Chou Wen-chung

Leadership Conference on Conservancy and Development: Introductory Remarks


After ten years of developing and coordinating such projects, the Center has come to the conclusion that there is an urgent need for coordination between the conservancy of culture and nature, in conjunction with economic and social development. The Center's experience demonstrates that with a strong network of international partners, multidisciplinary specialists, and community mentors, it is possible to conceive strategies that integrate actions needed on behalf of each of these mutually dependent areas of interest, so as to ensure desired results to all while avoiding potential damage to any.

The Center believes Yunnan, in view of its ethnic and ecological diversity, is one of the ideal sites in the world for an initial effort in developing such integrated strategies for conservation and development. Yunnan protrudes from China’s southwest corner bordering Myanmar, Laos, and Vietnam, and is only a short distance from Thailand and northeast India. It is sizeable — comparable to France — with a dramatically diverse environment and an impressively high level of plant and animal diversity. More than one-third of its population — about five times that of New York City — is of minority nationalities. Twenty-five of the fifty-five minority nationalities in China are found in Yunnan, sixteen of which are exclusive to the province, while thirteen share ethnic and cultural traits with ethnic groups living throughout Southeast Asia. Not only is Yunnan an area diverse in its peoples and ecosystem, it is also a region steeped in history and cultural exchange. Ancient kingdoms flourished here, playing an important role in the transmission of Buddhism, and in cultural interaction between Southeast Asia and China. The Southern Silk Road, which connected China with South and Central Asia for centuries, runs through the province.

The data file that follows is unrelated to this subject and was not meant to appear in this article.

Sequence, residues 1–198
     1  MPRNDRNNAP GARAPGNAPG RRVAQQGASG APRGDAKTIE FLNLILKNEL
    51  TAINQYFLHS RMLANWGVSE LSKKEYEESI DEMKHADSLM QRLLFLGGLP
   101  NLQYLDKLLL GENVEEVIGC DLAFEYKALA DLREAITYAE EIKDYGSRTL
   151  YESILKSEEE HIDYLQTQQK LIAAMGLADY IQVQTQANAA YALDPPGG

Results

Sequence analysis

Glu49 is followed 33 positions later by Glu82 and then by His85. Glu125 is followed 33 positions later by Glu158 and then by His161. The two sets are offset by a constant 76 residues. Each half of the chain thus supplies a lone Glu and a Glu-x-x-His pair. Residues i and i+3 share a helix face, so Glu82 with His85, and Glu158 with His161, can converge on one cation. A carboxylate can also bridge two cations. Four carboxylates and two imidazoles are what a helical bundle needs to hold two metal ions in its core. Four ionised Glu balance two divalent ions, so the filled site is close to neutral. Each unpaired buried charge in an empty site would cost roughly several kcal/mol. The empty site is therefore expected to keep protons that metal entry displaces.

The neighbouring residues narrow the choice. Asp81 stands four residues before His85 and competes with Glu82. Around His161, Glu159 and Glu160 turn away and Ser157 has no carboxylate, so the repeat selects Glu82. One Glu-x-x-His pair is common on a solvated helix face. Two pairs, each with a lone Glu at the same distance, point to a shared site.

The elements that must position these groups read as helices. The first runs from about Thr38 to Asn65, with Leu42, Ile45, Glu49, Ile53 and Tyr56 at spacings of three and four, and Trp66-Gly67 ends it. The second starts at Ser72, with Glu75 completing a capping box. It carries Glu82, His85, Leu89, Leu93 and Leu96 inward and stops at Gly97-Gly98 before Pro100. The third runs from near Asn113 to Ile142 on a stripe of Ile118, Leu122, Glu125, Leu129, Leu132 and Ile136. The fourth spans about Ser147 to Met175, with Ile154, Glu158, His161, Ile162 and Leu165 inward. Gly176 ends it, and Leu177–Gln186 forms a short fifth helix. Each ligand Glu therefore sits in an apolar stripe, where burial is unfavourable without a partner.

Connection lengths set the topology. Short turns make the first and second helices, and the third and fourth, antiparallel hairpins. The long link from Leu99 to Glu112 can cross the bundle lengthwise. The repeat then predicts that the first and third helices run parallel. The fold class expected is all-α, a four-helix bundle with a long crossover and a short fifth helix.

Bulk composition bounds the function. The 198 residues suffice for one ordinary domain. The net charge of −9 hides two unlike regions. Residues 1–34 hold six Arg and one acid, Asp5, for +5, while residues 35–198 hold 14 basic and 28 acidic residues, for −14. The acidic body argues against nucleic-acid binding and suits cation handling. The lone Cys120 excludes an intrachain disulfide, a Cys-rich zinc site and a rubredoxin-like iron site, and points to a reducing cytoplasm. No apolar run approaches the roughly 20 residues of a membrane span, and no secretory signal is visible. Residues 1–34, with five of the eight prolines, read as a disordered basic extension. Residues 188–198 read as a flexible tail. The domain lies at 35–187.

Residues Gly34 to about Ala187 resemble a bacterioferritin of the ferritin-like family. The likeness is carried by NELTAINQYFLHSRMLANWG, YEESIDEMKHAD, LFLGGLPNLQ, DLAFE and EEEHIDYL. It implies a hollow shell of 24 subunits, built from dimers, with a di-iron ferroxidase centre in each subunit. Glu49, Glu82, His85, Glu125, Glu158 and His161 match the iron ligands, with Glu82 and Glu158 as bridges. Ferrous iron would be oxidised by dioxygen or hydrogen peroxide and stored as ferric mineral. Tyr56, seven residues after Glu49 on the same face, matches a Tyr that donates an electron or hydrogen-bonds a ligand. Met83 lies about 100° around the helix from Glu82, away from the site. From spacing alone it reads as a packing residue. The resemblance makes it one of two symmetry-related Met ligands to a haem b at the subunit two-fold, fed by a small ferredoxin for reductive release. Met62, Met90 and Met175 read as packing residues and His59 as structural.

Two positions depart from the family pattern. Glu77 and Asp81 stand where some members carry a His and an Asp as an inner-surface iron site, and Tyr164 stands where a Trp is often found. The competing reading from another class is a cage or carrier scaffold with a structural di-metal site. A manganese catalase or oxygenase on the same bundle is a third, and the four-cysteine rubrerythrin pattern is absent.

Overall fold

Today, Yunnan is in the midst of rapid socioeconomic development, uprooting many minority communities, drastically altering their social and economic structures while threatening the destruction of their cultural heritage as well as their natural and built environment. That Yunnan now appears to be a prime location for the study of conservation versus development is not new to the Center. Invited by the Ford Foundation ten years ago to study the need for cultural conservation, the Center quickly came to the conclusion that Yunnan is a rare geographic area under a single political and economic entity that exhibits a prodigious combination of diversity in ethnicity, culture, and ecology, as well as in its social and economic conditions. Today, the Center further recognizes the added advantages offered by Yunnan as a promising site for developing strategies; the layers of networks of professionals and community participants the Center has established throughout the province over the years; the teams of experts from the United States and Asia the Center has sent there who remain committed; and the concrete partnership the Yunnan Provincial Government has offered.

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